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Keto is a popular diet that emphasizes fat consumption and limits carbs. The goal is to push your body into ketosis, an energy-burning state whereby glucose is burned instead of fat for fuel.
However, this diet may not be ideal for everyone and could prove hazardous in the long run. Furthermore, it contains high amounts of saturated fat which has been known to raise LDL cholesterol and raise your risk of heart disease.
Nuts and seeds
Nuts and seeds are popular keto foods due to their healthy fats content and low carb count. Furthermore, these nutritious treats contain plenty of antioxidants which shield the body against inflammation and disease-causing agents.
When following a long keto diet, be mindful of nuts and seeds in moderation. Some of them contain carbohydrates which could cause your blood sugar to spike unexpectedly, forcing you out of ketosis.
Maintaining ketosis requires eating a high-fat, moderate-protein diet with few net carbs. For optimal results, opt for nuts and seeds that contain around 50% fiber as their total carbohydrates – this won’t raise your blood sugar levels.
Chia seeds, pine nuts and flaxseeds are some of the most nutrient-rich nuts and seeds for keto. All three provide plenty of protein, copper and omega-3 fatty acids.
Eggs are one of the simplest foods to incorporate into a keto meal plan. Not only that, but they’re an excellent source of protein and healthy fats as well.
They contain essential nutrients like vitamin B6, calcium, and choline that support a healthy nervous system and eye health.
Eggs can be cooked in a number of ways, including scrambled, fried and boiled. For an even creamier texture, add milk to the eggs for extra creaminess.
They provide a healthy source of omega-3 fatty acids, which reduce inflammation. Furthermore, they contain lutein – an antioxidant which guards against macular degeneration and cataracts.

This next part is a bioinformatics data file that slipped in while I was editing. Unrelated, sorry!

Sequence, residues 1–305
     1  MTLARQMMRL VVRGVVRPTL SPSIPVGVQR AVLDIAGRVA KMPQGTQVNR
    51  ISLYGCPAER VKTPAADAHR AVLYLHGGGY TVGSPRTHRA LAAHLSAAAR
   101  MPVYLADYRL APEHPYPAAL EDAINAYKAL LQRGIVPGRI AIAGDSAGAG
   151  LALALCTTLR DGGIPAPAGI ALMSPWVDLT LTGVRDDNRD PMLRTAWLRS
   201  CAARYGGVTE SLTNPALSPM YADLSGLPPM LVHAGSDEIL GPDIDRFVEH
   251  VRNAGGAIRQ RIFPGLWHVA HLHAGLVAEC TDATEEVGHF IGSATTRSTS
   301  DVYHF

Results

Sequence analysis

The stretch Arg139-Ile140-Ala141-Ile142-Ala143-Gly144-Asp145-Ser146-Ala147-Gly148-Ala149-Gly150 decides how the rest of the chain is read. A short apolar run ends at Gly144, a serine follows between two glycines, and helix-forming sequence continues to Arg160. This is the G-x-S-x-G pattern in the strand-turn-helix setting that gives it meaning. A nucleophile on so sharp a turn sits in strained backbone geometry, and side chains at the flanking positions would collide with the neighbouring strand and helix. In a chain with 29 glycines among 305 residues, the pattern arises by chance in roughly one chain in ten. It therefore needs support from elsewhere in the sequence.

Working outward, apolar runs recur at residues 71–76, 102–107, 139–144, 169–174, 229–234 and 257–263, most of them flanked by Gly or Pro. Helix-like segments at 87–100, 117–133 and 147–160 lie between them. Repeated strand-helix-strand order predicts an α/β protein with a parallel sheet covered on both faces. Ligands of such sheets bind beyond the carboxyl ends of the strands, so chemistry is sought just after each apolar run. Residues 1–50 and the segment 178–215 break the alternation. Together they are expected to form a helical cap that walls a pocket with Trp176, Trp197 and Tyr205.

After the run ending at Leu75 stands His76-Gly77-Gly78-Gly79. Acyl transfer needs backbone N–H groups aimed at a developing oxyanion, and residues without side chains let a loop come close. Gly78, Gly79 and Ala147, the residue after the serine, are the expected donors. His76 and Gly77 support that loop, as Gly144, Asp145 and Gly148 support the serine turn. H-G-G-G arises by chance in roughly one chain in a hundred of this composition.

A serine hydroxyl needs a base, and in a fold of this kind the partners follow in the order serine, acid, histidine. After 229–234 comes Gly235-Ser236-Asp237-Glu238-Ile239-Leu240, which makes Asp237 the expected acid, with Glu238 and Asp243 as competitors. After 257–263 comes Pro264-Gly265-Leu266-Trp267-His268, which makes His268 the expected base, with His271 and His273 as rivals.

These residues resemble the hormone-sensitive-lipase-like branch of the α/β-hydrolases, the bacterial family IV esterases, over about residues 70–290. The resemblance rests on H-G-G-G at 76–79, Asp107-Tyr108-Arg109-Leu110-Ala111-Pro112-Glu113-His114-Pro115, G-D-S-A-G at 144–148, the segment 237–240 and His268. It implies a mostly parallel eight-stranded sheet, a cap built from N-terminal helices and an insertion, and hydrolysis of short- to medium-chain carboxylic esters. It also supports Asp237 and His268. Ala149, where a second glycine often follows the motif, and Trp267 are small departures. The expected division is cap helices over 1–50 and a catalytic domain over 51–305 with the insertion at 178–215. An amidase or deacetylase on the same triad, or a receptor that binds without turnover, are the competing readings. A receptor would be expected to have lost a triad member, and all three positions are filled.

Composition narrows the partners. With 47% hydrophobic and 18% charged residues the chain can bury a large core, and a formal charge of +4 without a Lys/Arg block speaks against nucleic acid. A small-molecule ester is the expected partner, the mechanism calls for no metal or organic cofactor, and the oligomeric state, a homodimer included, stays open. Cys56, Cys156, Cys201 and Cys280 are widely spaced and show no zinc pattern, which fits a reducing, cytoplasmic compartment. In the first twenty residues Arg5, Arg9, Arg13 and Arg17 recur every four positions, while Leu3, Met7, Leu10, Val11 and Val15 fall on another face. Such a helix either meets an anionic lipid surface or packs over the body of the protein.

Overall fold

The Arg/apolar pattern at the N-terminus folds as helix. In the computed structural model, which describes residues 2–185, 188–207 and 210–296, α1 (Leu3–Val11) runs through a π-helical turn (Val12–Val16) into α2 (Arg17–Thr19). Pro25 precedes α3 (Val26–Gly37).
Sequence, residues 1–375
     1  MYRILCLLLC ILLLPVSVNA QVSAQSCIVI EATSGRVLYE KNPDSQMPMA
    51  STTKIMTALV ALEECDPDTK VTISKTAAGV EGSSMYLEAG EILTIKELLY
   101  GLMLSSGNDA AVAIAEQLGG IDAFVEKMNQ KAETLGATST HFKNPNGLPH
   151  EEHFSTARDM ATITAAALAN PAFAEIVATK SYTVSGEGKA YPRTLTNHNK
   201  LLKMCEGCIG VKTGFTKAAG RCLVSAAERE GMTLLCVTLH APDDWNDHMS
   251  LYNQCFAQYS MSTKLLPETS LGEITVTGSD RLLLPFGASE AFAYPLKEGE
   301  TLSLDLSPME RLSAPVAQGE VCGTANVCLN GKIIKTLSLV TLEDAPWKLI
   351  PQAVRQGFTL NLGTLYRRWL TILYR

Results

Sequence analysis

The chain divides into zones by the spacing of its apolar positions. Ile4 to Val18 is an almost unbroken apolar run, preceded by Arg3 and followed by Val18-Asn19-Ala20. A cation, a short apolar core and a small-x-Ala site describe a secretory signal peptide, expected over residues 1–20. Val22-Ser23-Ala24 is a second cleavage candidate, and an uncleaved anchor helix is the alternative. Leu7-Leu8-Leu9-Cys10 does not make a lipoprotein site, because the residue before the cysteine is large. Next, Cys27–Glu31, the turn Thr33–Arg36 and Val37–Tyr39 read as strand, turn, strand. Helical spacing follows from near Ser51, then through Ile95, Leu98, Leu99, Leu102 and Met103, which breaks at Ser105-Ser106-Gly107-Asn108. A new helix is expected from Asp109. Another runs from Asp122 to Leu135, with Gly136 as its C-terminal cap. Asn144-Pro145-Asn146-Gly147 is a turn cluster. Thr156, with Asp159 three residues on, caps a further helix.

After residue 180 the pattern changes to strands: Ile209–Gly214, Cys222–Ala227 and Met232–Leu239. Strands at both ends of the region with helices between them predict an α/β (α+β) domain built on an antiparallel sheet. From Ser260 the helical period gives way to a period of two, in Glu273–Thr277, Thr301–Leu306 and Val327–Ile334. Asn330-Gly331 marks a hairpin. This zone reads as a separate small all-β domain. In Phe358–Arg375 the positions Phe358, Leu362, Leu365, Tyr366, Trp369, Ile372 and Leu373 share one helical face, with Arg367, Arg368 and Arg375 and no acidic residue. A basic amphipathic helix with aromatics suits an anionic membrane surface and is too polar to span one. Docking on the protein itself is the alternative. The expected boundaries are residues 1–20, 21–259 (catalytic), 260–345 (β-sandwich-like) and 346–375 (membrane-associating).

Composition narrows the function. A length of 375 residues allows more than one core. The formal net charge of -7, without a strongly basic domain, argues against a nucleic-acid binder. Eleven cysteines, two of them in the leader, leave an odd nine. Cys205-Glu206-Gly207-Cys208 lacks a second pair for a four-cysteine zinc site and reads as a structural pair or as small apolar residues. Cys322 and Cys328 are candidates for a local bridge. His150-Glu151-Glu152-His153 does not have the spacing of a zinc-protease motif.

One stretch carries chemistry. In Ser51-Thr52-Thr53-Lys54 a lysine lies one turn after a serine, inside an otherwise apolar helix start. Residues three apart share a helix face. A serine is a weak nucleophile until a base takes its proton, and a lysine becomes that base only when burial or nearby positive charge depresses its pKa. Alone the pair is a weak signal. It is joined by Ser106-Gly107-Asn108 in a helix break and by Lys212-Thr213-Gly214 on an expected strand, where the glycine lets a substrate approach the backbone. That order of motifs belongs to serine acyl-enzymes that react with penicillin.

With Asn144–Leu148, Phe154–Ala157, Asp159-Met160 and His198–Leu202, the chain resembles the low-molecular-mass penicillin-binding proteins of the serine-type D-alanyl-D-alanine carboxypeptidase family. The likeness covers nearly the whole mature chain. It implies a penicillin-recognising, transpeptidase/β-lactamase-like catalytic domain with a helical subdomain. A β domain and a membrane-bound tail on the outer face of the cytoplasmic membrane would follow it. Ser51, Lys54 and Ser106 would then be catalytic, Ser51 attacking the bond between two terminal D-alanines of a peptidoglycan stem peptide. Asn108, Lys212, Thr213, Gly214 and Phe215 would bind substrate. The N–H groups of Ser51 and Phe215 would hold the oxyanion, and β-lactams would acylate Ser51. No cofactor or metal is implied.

Dairy consumption remains controversial, with many still believing that high-fat dairy foods contribute to weight gain. However, recent studies suggest otherwise: milk may actually help keep you trim!
High-fat dairy is still allowed on the keto diet, though with some additional cautions. For one thing, cheese and heavy cream contain carbs which must be taken into account if you are trying to stay under 20 grams of net carbohydrates per day.
Good news: For most people without lactose intolerance or cow’s milk allergies, low-lactose dairy is no problem to digest. However, some individuals do have allergies to certain proteins present in cow’s milk which could cause digestive upset or anaphylaxis.
Meat and poultry
Meat and poultry are an excellent source of protein to help preserve muscle mass during a low carb diet. Furthermore, they contain B vitamins and other essential minerals.
Meal-sized portions of lean meat can help you meet your keto macros while controlling calorie intake. Try cuts like top sirloin, bottom round roast, pork chops (with the fat trimmed off), or skinless chicken breast for some variety.
Grass-fed red meat and pastured poultry are especially beneficial for your health, as they contain more omega-3 fats and fewer steroid hormones than conventionally raised beef and chicken products.
On a long keto diet, vegetables can be included, but you should limit your intake of low-fiber ones to reduce constipation risks – which can be an unpleasant side effect of this restrictive eating plan.
Keto-friendly vegetables not only contain fiber, but they are packed with micronutrients and antioxidants as well. Not only can these help regulate your blood sugar levels, but they may also protect you against disease.
Broccoli, for instance, is an incredibly nutrient-dense vegetable with minimal carbs. It’s also an excellent source of vitamins C and K as well as folate.
Another popular keto veggie is green beans, which are low in carbohydrates and calories while packed with fibre and vitamins. They can be added to salads, soups and sabzis as a hydrating food due to their nearly 89% water content.